1 – at time of writing, obviously.

2 – for non-native readers[3] , what I mean is that they are often closely related and should be considered together.

3 – and/or those unaquainted with my somewhat baroque language and phrasing habits[4].

4 – I prefer to double-dot when singing or playing Purcell, for instance[5].

5 – this is a very, very niche comment, for which slight apologies.

On holiday

Lots of people in the InfoSec world are at Black Hat and Def Con in Las Vegas this week, and there are more stories out there than you can shake a stick at.  I’m on holiday, and although it’s not as if I’m disinterested, I’ve decided to take the whole “not working” thing seriously, and I’m not going to blog about any of them this week.

My brush with GDPR

I ended up reporting a possible breach of data. My data

Since the first appearance of GDPR[1], I’ve strenuously avoided any direct interaction with it if at all possible.  In particular, I’ve been careful to ensure that nobody is under any illusion that my role involves any responsibility for our company’s implementation of GDPR.  In this I have been largely successful.  I say largely, because the people who send spam don’t seem to have noticed[2]: I suspect that anybody with the word “security” in their title has had a similar experience.

Of course, I have a decent idea what GDPR is supposed to be about: making sure that data that organisations hold about people is only used as it should be, is kept up to date, and that people can find out what exactly what information relating to them exactly is held[3].

This week, I got more involved GDPR than I’d expected: I ended up reporting a possible breach of data.  My data.  As it happens, my experience with the process was pretty good: so good, in fact, that I think it’s worth giving it as an example.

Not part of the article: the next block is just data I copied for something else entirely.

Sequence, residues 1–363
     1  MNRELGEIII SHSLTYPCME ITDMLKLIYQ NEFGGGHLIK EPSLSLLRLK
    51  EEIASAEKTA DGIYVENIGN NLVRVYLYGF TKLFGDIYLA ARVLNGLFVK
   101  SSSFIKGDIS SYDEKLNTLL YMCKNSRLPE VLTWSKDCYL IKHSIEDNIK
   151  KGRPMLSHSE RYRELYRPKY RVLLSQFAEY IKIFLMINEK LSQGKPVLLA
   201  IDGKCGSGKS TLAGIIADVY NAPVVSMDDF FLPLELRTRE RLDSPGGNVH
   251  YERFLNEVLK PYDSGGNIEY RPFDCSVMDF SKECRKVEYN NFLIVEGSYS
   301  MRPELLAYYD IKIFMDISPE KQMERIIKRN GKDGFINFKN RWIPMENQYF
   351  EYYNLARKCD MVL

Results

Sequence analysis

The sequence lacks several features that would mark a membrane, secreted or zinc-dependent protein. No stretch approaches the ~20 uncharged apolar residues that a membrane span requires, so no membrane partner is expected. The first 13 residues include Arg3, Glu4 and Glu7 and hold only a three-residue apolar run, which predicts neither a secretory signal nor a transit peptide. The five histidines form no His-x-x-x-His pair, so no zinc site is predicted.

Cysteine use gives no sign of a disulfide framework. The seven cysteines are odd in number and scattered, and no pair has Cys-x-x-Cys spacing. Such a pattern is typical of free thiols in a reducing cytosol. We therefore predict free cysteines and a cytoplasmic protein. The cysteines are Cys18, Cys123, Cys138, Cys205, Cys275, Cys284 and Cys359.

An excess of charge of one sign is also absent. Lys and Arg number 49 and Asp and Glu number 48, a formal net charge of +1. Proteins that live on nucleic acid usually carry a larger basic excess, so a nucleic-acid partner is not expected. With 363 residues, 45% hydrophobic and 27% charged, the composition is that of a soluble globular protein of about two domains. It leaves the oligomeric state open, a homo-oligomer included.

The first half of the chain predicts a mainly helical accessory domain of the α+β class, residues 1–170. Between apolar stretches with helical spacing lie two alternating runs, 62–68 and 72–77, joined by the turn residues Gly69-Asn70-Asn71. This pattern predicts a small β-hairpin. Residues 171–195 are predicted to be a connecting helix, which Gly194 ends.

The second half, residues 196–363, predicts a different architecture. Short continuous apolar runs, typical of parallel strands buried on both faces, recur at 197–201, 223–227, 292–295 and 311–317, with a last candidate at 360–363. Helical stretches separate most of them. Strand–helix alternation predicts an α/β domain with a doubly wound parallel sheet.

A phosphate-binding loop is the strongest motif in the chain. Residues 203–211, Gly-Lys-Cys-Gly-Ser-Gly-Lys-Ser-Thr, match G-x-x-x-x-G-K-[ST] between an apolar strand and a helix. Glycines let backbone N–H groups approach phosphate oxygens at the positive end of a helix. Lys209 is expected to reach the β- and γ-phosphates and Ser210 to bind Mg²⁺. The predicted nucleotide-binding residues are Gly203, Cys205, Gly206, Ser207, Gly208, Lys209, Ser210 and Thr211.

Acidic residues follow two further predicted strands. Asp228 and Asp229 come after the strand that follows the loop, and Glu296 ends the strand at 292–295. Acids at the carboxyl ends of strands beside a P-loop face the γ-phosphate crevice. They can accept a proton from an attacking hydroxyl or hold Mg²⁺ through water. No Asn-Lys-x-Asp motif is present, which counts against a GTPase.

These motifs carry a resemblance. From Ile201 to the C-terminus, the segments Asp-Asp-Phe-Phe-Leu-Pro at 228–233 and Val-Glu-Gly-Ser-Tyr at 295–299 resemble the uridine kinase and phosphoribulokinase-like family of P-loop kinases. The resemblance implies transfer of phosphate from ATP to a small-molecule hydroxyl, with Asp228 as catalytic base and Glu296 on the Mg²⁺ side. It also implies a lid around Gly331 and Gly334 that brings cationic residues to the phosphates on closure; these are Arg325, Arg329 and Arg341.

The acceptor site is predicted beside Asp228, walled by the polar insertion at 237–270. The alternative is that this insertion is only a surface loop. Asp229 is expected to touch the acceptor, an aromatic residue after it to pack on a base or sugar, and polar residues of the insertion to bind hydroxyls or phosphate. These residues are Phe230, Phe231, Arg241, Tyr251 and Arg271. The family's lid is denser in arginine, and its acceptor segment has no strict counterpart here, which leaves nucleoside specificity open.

Breach!

A bit of scene-setting.  I live in the UK, which is (curently[4]) in the EU, and which means that, like pretty much all companies and organisations here, it is subject to the GDPR.  Last week, I had occasion to email a department within local government about an issue around services in my area.  Their website had suggested that they’d get back to me within 21 days or so, so I was slightly (and pleasantly) surprised when they replied within 5.

The email started so well: the title referred to the village in which I live.

It went downhill from there.  “Dear Mr Benedict[5]”, it ran.  I should be clear that I had used my actual name (which is not Benedict) for the purposes of this enquiry, so this was something of a surprise.  “Oh, well,” I thought to myself, “they’ve failed to mail merge the name field properly.” I read on.  “Here is the information you have requested about Ambridge…[5][6]”.  I do not live in Ambridge.  So far, this was just annoying: clearly the department had responded to the wrong query.  But it got worse.  “In particular regards to your residence, Willow Farm, Ambridge…[5]”

The department had sent me information which allowed me to identify Mr Benedict and his place of residence.  They had also failed to send me the information that I had requested.  What worried me more was that this might well not be an isolated event.  There was every chance that my name and address details had been sent to somebody else, and even that there was a cascade effect of private details being sent to email address after email address.  I mentioned this in annoyance to my wife – and she was the one to point out that it was a likely breach of GDPR.  “You should report it,” she said.

So I went to the local government office website and had a quick look around it.  Nothing obvious for reporting GDPR breaches.  I phoned the main number and got through to enquiries.  “I’d like to report a possible data breach, please,” I said.  “Could you put me through to whoever covers GDPR?”

To be honest, this was where I thought it would all go wrong.  It didn’t.  The person on the enquiries desk asked for more information.  I explained what department it was, about the email, and the fact that somebody else’s details had been exposed to me, I strongly suspected in breach of GDPR.

“Let me just see if I can find someone in our data team,” she said, and put me on hold.

I don’t know if you’ve ever been put on hold by someone in a local government office, but it’s rarely an event that should be greeted with rejoicing.  I prepared myself for a long wait, and was surprised when I was put through to someone fairly quickly.